Jacquemart A.L.et al. (2019) Male flowers of Aconitum compensate for toxic pollen with increased floral signals and rewards for pollinators.Scientific reports 9:16498 | https://doi.org/10.1038/s41598-019-53355-3.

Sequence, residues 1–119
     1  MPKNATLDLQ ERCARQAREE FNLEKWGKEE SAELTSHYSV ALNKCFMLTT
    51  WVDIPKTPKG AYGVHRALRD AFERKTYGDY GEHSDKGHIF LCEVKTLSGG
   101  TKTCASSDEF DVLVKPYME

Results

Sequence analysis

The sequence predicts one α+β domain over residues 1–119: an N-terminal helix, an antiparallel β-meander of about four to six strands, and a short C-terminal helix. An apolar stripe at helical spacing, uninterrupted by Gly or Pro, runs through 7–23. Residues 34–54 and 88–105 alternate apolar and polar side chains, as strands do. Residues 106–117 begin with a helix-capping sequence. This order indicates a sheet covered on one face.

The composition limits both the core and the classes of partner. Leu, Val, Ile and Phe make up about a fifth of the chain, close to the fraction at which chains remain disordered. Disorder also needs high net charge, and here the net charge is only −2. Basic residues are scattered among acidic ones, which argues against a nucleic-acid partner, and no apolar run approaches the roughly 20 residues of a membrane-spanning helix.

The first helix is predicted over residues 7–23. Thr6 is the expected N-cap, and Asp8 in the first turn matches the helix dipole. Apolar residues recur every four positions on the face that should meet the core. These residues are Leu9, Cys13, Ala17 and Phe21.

Many plants require animal pollinators for successful reproduction; these plants provide pollinator resources in pollen and nectar (rewards) and attract pollinators by specific cues (signals). In a seeming contradiction, some plants produce toxins such as alkaloids in their pollen and nectar, protecting their resources from ineffective pollinators. We investigated signals and rewards in the toxic, protandrous bee-pollinated plant Aconitum napellus, hypothesizing that male-phase flower reproductive success is pollinator-limited, which should favour higher levels of signals (odours) and rewards (nectar and pollen) compared with female-phase flowers. Furthermore, we expected insect visitors to forage only for nectar, due to the toxicity of pollen. We demonstrated that male-phase flowers emitted more volatile molecules and produced higher volumes of nectar than female-phase flowers. Alkaloids in pollen functioned as chemical defences, and were more diverse and more concentrated compared to the alkaloids in nectar. Visitors actively collected little pollen for larval food but consumed more of the lesstoxic nectar. Toxic pollen remaining on the bee bodies promoted pollen transfer efficiency, facilitating pollination.
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